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Onus on parents to teach personal finance in My Money Week

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Written by: Emma Lunn
08/06/2020
Home-schooling parents have been urged to incorporate personal finance lessons into lessons during My Money Week.

My Money Week runs from 8 to 12 June and aims to help children and young people gain skills, knowledge and confidence in money matters.

Resources are normally available to schools from April but this year a “Home Learning Guide” has been included to support parents educating their children at home.

Emma-Lou Montgomery, associate director at Fidelity International, says: “Over the last couple of months, parents have become adept at wearing lots of hats in one place – be it juggling remote work and domestic responsibilities or balancing childcare and home schooling.

“To help, initiatives like My Money Week have adapted their resources to include a Home Learning Guide for parents to add in some basic financial education to the ‘school’ day.  Helping your children with a basic grasp of financial concepts will not only equip them with an essential life skill – dealing with money is part and parcel of being adult – but it can also help bolster their knowledge and confidence in money matters for when life resumes normality.”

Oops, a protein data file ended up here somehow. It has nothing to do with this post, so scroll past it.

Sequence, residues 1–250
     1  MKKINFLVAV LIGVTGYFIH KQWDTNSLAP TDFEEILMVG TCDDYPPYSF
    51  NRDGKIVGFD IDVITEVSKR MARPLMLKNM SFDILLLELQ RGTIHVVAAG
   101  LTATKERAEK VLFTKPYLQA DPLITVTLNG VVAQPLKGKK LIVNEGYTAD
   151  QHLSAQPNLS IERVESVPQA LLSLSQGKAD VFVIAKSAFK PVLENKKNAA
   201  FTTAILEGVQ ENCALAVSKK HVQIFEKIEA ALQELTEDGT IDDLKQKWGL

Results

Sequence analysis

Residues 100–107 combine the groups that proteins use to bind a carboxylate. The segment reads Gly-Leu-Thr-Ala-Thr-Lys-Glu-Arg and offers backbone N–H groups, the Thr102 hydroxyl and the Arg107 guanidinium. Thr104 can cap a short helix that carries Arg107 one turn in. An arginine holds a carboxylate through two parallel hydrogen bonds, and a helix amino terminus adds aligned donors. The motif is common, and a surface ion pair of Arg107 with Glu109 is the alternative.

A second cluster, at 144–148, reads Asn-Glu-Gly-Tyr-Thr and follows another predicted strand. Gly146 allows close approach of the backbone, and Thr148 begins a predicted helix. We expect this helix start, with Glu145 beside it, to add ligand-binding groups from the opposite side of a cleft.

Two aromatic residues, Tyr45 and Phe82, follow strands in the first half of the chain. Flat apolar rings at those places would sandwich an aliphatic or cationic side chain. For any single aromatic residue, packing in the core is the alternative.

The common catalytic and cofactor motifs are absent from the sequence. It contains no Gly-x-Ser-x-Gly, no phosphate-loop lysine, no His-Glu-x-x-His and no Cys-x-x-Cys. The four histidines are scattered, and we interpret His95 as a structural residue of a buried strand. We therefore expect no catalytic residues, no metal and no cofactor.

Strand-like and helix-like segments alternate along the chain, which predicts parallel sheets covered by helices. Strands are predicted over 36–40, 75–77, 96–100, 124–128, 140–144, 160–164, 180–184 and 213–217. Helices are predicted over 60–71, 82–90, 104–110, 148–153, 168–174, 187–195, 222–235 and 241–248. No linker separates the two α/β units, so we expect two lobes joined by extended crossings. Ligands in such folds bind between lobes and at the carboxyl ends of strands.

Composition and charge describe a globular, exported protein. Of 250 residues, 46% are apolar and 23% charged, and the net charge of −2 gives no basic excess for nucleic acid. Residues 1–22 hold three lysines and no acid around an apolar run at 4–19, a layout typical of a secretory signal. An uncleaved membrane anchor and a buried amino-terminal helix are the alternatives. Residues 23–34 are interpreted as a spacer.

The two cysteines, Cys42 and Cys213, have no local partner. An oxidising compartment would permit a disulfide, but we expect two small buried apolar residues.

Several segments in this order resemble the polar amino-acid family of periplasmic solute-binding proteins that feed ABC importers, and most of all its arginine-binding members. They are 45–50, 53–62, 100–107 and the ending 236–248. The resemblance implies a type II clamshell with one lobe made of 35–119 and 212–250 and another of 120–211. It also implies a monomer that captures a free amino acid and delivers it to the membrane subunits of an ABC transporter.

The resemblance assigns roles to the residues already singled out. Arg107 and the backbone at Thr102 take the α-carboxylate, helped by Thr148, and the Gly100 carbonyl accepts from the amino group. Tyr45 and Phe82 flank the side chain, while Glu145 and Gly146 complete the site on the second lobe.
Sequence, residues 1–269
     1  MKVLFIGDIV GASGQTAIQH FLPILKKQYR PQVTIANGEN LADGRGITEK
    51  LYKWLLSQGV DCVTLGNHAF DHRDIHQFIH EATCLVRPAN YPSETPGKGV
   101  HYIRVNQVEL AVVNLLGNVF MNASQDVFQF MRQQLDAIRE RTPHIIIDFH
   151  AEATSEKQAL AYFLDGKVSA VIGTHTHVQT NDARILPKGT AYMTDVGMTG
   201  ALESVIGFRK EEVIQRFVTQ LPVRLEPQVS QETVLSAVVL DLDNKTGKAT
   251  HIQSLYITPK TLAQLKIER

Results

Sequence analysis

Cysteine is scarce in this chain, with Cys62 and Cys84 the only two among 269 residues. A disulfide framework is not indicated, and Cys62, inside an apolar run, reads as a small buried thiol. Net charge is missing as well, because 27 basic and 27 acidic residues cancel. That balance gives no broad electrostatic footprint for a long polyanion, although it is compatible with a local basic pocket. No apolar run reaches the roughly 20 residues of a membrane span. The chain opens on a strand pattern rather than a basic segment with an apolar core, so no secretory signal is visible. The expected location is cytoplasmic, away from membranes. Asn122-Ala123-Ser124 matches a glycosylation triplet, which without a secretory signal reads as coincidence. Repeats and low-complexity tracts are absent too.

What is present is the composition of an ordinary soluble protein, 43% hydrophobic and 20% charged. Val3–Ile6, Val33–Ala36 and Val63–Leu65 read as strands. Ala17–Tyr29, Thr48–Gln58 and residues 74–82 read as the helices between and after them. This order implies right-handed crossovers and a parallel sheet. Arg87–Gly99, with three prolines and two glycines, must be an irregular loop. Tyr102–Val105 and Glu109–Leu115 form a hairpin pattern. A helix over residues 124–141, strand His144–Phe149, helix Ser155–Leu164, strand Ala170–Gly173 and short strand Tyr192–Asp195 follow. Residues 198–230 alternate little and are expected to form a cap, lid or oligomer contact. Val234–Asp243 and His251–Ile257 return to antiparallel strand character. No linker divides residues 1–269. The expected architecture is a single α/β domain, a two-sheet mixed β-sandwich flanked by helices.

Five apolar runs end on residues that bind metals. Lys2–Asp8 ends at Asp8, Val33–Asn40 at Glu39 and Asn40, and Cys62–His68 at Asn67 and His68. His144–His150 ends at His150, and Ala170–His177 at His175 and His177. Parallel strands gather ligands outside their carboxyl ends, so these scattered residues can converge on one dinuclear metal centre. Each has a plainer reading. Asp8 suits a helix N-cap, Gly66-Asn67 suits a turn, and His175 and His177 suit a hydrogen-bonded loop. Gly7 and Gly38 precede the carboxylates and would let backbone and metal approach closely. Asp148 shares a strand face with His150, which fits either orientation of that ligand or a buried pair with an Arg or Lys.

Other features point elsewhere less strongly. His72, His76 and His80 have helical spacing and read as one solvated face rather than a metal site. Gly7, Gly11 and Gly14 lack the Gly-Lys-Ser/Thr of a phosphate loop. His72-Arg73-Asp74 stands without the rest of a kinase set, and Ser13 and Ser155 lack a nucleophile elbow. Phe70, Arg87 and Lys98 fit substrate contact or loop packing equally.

Here are five ways you can teach your children about money:

Teach them about saving versus spending

Opening a savings account is a great way to introduce kids to saving and explain concepts such as interest and compound interest, and saving up for expensive purchases.

Parents can open a Junior ISA for their child and explain how it works.

Talk about budgeting

Teaching your child about the importance of budgeting is essential to help them become financially capable adults.

There are various budgeting techniques such as tracking income and outgoings, or making a list of regular expenses. Older children could be encouraged to split their pocket money between various hobbies and interests.

Get them involved

Parents can also get their children involved in some of the financial decisions at home such as online grocery shopping or comparing energy providers and tariffs.

Introduce investing

Older children can be taught about the pros and cons of investing – the current stock market turmoil is the perfect example of how markets can go up and down with share prices influenced by world events

Set an example

Never underestimate the effect your own money habits – good or bad – will have on your children later on. Children start adopting money habits at just seven-years-old, so make sure they understand why we sometimes save and other times we spend.

You can find out more about My Money Week at https://www.young-enterprise.org.uk/

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